A top Senate Republican said on Sunday that it appeared the upcoming bipartisan health care summit with the White House would be "pointless" since Democrats could ultimately pass legislation using reconciliation.
Appearing on CNN's "State of the Union," Sen. Jon Kyl (R-Ariz.) described it as a near certainty that congressional Democrats would use budget-related parliamentary maneuvers to get health care amendments passed into law via an up-or-down vote. This, he said, would be the "nuclear option" -- causing paralyzing strife in the Senate and rendering useless a bipartisan health care summit -- scheduled for February 25.
"They have devised a process by which they can jam the bill through that the president supported in the past throughout the Republican ideas in it," Kyl said. "And [House Speaker Nancy Pelosi's] chief health care adviser... said that 'there is a trick, but I think we will get it done.' Well there is a trick. Reconciliation is not the process for comprehensive bills like this. It's sort of to balance the budget. It would be what some -- some call it the nuclear option -- to proceed that way. I don't know why we would be having a bipartisan summit down at the White House if they have already decided on the other process by which they are going to jam the bill through that passed the Senate on Christmas Eve."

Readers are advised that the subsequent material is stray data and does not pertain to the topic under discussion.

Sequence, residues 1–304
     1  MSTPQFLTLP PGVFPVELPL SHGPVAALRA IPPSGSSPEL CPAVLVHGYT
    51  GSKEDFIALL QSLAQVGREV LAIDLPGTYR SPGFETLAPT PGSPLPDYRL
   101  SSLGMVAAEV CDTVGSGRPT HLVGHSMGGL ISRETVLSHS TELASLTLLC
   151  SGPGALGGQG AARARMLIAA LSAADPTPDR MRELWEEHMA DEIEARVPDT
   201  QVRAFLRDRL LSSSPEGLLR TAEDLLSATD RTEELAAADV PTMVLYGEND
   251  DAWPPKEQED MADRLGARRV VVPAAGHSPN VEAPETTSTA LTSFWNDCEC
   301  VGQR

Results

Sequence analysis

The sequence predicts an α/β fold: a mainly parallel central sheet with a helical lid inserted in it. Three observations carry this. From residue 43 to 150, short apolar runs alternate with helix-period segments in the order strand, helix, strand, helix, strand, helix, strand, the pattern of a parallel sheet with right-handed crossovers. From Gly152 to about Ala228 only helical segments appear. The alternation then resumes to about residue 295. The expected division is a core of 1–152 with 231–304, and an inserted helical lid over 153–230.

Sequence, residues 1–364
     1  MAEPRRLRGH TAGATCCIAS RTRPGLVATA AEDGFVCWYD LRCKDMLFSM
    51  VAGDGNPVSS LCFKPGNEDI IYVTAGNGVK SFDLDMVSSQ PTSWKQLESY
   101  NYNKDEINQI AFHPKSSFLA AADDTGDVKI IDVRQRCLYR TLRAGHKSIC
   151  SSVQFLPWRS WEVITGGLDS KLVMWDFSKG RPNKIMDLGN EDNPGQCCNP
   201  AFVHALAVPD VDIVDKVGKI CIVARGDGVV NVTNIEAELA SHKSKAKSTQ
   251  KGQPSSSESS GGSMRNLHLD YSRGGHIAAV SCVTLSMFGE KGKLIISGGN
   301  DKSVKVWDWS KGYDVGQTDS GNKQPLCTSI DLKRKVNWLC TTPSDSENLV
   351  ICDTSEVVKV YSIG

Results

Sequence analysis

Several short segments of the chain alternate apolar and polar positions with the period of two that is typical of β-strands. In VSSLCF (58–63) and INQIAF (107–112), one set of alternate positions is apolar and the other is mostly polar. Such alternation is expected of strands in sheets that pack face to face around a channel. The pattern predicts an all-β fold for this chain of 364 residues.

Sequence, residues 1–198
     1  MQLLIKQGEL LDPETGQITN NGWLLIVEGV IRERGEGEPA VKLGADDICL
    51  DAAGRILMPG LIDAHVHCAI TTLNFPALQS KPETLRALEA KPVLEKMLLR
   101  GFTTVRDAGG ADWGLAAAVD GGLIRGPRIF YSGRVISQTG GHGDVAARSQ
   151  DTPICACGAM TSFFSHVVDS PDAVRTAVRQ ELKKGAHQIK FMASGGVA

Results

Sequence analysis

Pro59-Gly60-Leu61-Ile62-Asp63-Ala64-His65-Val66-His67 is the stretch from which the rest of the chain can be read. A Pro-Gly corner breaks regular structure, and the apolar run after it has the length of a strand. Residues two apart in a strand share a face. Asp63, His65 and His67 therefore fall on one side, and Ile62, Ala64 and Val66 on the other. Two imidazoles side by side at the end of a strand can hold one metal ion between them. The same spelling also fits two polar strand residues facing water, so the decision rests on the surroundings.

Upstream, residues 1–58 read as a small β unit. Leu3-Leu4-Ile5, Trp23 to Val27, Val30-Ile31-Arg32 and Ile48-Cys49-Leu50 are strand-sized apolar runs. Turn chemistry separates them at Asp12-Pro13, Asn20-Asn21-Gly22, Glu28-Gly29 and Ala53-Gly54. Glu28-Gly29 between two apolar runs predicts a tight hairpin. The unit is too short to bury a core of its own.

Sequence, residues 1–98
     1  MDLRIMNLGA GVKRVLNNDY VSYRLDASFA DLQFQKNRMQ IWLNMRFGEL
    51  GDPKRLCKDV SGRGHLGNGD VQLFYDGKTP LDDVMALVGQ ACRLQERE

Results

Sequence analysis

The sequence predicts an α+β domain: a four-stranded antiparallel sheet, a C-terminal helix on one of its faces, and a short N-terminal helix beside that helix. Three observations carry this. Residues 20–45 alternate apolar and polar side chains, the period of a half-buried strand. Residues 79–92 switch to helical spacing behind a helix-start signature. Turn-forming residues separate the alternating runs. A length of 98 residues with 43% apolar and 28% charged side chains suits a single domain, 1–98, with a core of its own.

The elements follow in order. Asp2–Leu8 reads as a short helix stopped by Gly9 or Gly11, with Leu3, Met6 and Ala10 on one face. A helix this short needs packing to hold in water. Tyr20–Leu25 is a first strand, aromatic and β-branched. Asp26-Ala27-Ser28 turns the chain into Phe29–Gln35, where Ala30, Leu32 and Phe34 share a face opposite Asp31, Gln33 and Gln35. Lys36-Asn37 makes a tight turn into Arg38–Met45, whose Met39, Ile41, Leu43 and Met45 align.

The Arizona Republican lamented the fact that the "Democrats have already decided on the so-called nuclear option" -- the reconciliation process.
"If that's the case," he said, "then obviously it's pointless to talk because they made up their mind and they will ram it through whether we like it or whether the American people like it."
Though Kyl criticized the summit, which will be broadcast live in its entirety, he had previously advocated for a transparent health care negotiation process. Kyl indicated that he was less concerned about backroom deal-making when it came to the Senate jobs bill. Republicans have been included in those negotiations.
"The truth of the matter is, a lot of things here are done by staff behind closed doors, and it's not always the wrong way to put something together, as long as you have plenty of time for that product to get out to members so they can evaluate it, have the public take a look at it," Kyl said last week.